Now, say that Developer A’s game is a First Person Shooter. It kicks ass, and all the kids are playing it, which is great, because Developer A spent a truckload of money making it. Luckily, they made a good game and people want to play it.

Developer B, on the other hand, spent about three days slapping together a crappy puzzle game. It’s awful and no one wants to play. Who cares, right? They spent three days on it.

Developer C created a simple Real-Time Strategy game that has a hard learning curve, so it’s slow to learn, but once players learn it, they have a blast and play it for hours.

So what happens? We take the 700,000 left over after Steam’s cut and split it between the three developers, based on percentage of total playtime. If those 100,000 players spent 700,000 hours (a number we’re picking because the math is easy) playing the three games in the month, then that equals to about a dollar an hour for the Developers. But not all three games were played at the same percentages.

Developer A’s FPS did great in the beginning of the month, then evened out as the month went on. Their Total playtime was 78% of the total game hours spent on Steam that month.

Developer B’s crappy game sucked, so hardly anyone played it. 3%

Developer C’s game wasn’t very popular at first, but as word of mouth that the game was fun and worth a play spread, the percentage rose. 19%

Based on these percentages, the three developers earn for the month in question:
Developer A: $546,000
 Developer B: $21,000
Developer C: $133,000
Okay, so these are just throwaway numbers, you say. Fine. Let’s try it with some real numbers, taken from Steam’s website. Also, to make the math easier on me, let’s make some assumptions:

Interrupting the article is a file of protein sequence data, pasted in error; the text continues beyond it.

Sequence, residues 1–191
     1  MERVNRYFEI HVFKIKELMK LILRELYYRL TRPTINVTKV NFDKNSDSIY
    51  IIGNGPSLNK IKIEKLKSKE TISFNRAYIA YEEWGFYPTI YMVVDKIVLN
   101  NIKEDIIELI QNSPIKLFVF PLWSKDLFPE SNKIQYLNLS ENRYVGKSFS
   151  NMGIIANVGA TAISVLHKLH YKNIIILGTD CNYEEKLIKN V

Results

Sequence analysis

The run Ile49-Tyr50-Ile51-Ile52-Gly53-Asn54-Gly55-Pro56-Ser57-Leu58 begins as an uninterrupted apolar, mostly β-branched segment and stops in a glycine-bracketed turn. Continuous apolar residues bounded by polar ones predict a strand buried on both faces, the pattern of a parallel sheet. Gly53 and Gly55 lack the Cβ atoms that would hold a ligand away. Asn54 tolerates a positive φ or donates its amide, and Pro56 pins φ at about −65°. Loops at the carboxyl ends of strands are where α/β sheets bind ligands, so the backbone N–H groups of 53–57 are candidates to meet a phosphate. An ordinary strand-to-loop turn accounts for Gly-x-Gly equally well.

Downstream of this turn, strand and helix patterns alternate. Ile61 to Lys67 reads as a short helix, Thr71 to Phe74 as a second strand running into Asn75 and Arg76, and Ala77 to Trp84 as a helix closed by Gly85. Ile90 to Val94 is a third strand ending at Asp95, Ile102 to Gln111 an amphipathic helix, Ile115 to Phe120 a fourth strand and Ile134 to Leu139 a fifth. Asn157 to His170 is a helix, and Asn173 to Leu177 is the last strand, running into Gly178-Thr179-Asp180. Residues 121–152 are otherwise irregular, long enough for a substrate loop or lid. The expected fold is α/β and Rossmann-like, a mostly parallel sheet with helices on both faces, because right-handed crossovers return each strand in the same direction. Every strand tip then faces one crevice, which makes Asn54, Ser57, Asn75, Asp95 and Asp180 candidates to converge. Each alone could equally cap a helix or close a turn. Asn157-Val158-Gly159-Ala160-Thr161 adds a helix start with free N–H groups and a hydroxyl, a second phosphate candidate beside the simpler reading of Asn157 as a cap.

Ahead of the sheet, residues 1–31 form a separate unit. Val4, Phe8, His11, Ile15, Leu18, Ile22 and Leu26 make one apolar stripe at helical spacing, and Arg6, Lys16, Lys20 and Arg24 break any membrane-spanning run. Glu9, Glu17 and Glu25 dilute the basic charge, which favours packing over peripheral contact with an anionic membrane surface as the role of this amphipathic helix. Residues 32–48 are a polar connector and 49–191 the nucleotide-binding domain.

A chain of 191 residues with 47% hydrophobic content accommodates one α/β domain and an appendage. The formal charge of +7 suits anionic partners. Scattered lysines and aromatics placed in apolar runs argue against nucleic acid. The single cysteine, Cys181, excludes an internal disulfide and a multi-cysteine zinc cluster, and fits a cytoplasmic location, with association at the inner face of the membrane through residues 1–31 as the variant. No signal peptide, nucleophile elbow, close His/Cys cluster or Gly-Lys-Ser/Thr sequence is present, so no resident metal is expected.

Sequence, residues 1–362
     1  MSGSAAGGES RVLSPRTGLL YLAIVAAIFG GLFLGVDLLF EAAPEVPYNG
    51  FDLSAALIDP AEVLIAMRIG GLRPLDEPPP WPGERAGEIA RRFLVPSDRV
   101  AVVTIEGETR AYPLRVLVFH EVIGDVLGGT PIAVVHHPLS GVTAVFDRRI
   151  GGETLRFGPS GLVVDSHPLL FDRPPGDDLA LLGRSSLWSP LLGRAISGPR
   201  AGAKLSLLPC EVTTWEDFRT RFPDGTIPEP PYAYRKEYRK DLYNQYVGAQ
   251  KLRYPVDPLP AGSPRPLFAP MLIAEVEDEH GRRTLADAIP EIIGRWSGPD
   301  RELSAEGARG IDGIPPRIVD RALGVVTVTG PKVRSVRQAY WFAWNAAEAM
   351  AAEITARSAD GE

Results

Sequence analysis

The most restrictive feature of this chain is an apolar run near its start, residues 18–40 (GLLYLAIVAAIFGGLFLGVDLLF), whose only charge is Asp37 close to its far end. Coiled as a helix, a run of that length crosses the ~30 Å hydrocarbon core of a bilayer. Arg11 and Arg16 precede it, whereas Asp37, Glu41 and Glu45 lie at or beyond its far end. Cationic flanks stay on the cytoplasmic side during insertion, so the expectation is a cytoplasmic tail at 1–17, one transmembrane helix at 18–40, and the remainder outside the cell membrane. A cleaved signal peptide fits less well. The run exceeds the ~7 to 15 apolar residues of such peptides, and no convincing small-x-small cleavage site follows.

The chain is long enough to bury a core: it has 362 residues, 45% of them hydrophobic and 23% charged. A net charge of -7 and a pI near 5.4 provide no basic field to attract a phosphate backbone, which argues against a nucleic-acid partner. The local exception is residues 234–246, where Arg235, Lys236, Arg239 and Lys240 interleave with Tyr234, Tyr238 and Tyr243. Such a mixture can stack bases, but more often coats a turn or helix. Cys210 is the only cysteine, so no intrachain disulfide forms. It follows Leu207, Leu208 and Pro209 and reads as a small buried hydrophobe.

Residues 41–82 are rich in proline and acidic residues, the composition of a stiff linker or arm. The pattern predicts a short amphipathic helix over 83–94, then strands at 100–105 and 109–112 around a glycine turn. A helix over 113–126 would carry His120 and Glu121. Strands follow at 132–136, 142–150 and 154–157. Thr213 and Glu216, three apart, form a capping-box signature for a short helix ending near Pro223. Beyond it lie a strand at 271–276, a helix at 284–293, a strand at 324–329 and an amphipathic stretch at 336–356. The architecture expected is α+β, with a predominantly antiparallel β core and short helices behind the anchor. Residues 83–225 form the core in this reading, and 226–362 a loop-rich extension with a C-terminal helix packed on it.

Assumption 1: Let’s use one day, instead of a month, since I don’t wanna do the math for a whole month. This means that instead of 10 bucks to split up per player per month, we have 33 cents per player per day.

Assumption 2: Also, for ease of use, let’s say that each player only plays one game in their playtime in one day, instead of splitting their playtime between games.

Assumption 3: Let’s assume that all users spend an equal amount of time for any game they play, so 1 user = 1 hour. This makes the percentages easier to calculate, and saves me math.

Assumption 4: Let’s limit it to a few games, since I don’t want to do more math than I have to do.

So, here is a screenshot of Steam’s stats page that I took when I was getting ready to do these calculations:


This screenshot says that the highest unique users on Steam, at the time I took the screenshot, was 1,748,066. Now, based on our assumptions, that would mean Steam would take in 33 cents per user, so the total take would be 576,861.78 for today for a subscription service.

Less Steam’s 30 percent cut, we have 403,803.25 to distribute between the developers today.

Counter-Strike: Source, 89681 users, 0.051% of the total Steam usage time, or $20593.97

Counter-Strike, 65389 users, 0.037% of the total Steam usage time, or $14940.72

Empire: Total War, 9491 users, 0.005% of the total Steam usage time, or $2019.01

Killing Floor, 2032 users, 0.001% of the total Steam usage time, or $403.80